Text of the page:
|CO2 : LULUCF (Net from land use, land use change and forestry)||6.6 +/- 4.6||1.6||133||10-15*|
|Total CO2||44.6 +/- 7.6||16.6||76-79|
|CH4||11 +/- 3.2||2.4||129||17-19|
|NO2||2.7 +/- 1.6||0.65||133||4-6|
|F-Gases||1.4 +/- 0.41||0.97||354||3-4|
|ALL TOTAL||59 +/- 6.6||21||154||100|
*All gases (all CO2-LULUCF,70% of CH4 and 50% of NO2) emissions in agriculture sectors globally = 14-24%.
Serious efforts to mitigate the emissions started in earnest only by 2010 onwards despite United Nations Framework Convention on Climate Change (UNFCC) having been agreed upon in 1995 after the Earth Summit in Rio de Janeiro, Brazil, in 1992. Since then, the Green House Gases emissions have increased by almost 154% to 80 (+/- 6.6) GtCO2eq by 2019 compared to 1990 (Table 2).
ii. Potential global gap in mitigation of GHG
UNFCCC has been holding the Conference of Parties (COP) (i.e. all 198 UN member countries) for the last 27 years after the Rio 1992 Earth Summit, to get global agreements to stop this increase in emissions through mitigation efforts, and adaptation to future scenarios as recommended by the Intergovernmental Panel on Climate Change (IPCC). Latest UNEP (2022) GHG emissions gap report projects anthropogenic emissions by the year 2030 and predicts the shortfall or gap in their sequestration if different Nationally Determined Contributions (NDCs) (UNFCCC, 2022) are fully implemented (Table 3). If no further NDCs to control emissions are made, at least 52 GtCO2eq will be added by 2030 to GHG under the best present-day scenario. This will leave a gap of an extra 20 GtCO2eq of emission in the atmosphere to keep the temperature within 1.50C by 2030 and it will further increase to 2.40C by 2100.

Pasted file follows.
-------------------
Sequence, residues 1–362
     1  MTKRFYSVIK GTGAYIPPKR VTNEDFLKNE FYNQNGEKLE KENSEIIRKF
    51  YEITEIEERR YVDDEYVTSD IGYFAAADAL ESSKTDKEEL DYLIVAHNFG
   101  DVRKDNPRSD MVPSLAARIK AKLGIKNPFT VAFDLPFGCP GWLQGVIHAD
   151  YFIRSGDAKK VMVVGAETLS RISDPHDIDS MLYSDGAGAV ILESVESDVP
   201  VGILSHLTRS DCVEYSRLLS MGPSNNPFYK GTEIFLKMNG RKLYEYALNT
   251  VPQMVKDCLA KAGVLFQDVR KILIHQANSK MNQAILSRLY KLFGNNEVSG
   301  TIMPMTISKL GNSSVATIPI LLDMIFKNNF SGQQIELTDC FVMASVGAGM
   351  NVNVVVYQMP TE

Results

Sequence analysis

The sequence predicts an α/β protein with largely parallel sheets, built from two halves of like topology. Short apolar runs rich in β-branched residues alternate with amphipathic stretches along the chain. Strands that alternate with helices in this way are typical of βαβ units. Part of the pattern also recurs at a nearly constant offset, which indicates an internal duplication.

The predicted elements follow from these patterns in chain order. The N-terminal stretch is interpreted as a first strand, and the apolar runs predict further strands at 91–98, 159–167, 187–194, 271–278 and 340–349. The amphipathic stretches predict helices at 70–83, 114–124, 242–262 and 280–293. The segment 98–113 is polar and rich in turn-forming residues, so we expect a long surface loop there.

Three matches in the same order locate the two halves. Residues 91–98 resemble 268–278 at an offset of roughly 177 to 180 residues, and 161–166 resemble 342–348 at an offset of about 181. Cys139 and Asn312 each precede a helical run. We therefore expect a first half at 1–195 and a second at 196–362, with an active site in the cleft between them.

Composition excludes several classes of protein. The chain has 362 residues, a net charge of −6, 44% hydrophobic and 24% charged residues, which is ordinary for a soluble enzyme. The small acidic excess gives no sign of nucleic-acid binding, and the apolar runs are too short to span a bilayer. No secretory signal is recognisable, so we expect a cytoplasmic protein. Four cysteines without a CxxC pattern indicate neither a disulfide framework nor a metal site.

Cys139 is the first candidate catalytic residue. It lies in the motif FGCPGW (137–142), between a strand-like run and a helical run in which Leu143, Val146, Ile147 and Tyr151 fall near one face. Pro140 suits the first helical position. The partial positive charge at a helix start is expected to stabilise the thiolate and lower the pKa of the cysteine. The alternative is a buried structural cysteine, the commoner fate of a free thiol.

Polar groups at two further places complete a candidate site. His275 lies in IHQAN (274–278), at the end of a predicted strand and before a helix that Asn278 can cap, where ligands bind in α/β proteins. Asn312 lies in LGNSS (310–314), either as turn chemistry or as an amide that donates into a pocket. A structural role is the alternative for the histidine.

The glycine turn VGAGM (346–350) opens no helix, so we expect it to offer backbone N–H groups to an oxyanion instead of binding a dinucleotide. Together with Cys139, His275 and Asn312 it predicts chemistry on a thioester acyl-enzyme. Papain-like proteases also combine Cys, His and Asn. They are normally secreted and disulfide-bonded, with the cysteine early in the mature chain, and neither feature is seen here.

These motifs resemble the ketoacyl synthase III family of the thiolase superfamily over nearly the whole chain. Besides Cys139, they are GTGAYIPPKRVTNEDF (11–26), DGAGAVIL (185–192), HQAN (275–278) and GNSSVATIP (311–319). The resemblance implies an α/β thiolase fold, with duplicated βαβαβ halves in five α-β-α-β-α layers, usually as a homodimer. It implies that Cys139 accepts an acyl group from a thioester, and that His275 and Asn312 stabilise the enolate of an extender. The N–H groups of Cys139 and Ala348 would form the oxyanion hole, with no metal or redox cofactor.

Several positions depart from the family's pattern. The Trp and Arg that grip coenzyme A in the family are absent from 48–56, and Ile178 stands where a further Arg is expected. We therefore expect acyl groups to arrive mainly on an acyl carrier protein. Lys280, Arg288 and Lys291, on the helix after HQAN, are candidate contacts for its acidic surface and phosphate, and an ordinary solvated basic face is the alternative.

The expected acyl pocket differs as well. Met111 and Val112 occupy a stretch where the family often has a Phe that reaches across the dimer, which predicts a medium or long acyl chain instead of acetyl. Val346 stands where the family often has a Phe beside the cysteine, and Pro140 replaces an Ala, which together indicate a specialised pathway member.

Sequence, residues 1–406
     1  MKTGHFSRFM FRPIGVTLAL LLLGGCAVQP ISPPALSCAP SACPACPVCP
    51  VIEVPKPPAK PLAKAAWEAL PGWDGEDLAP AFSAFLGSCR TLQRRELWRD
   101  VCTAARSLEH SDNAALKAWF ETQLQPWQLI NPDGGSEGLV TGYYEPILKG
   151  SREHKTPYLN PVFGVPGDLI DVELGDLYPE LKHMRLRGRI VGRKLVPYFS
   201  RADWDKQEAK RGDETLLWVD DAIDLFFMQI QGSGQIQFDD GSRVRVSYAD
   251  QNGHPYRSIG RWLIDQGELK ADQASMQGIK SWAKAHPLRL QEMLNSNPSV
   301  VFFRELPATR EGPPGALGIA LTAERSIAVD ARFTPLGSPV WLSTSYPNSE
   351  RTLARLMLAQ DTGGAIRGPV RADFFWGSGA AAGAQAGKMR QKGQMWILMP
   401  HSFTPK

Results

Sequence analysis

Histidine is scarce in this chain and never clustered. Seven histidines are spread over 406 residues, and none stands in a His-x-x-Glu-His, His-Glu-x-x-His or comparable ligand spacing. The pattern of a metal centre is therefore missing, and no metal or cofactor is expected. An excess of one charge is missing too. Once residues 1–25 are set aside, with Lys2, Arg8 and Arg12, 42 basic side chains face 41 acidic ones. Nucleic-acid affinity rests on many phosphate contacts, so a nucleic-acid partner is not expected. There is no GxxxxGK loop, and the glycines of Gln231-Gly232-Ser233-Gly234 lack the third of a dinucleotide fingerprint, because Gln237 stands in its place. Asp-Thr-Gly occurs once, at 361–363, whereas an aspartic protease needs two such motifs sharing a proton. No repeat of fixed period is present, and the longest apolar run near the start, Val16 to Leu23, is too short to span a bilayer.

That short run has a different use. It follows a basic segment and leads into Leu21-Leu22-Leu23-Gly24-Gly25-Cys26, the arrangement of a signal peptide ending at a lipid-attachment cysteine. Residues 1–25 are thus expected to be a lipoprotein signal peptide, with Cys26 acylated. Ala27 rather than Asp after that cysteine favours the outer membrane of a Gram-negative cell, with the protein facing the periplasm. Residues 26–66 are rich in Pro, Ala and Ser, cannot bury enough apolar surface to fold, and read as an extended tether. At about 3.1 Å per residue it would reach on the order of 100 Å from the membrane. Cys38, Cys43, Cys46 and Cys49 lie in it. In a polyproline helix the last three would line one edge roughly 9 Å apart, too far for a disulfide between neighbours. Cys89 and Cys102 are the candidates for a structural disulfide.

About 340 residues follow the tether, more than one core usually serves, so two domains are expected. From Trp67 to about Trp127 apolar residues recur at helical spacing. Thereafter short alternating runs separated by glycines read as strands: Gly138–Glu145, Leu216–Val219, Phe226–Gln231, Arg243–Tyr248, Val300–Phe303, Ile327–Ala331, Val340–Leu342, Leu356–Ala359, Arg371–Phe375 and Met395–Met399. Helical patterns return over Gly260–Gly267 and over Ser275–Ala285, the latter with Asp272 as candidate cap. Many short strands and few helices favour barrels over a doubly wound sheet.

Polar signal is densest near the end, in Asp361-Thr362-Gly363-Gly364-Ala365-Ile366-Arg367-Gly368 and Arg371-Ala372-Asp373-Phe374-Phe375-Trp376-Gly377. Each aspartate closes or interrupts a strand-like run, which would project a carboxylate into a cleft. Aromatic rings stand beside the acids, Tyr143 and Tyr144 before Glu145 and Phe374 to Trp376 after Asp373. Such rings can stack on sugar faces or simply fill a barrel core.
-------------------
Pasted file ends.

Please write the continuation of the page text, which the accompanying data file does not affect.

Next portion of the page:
Table 3: Projected global anthropogenic Green House Gases emissions gap and resulting temperature increases at different global warming scenarios in years 2030 and 2100 over 100 year GWP
|Scenario||GHG in 2030, GtCO2eq||Emissions gap in 2030 (median range), GtCO2eq||Expected temperature outcome in 2100, 0C (90% chance)|
|Year 2010 policies||66||Up to 5.5|
|Global warming, 0C (with all NDCs)||2.2-2.4||1.9-2.2||1.6-1.9|
iii. Pledges and efforts to reduce the global gap in the mitigation of GHG
For mitigating the above situation by 2030; 100 countries have pledged to end deforestation completely, 150 to reduce methane emissions by 30%, 40 to phase out coal, and 45 to eliminate all emissions in the agriculture sector. India has not yet decided to be a party to any of these except methane reduction. Small Island Nations have pledged net zero emissions by 2030, 76 countries including USA and EU countries (29) by 2050, China by 2060 and India by 2070. This all requires about US$4-6 trillion/year (COP, 2022) investment till 2030 while only about US$ 800 billion (32%) are allocated by different countries for their pledges and NDCs today. A fund of only US$100 billion (out of which only US$82 contributed) for assisting the developing countries is pledged while US$ 600 billion/year is needed by 2030. Thus the resources allocated and pledged for conditional NDCs are way below the required. This will make global warming below 1.50C by 2030 or below 20C by 2100 out of reach. More aggressive NDCs and their implementation with sufficient resources are required if these temperatures are not to be exceeded.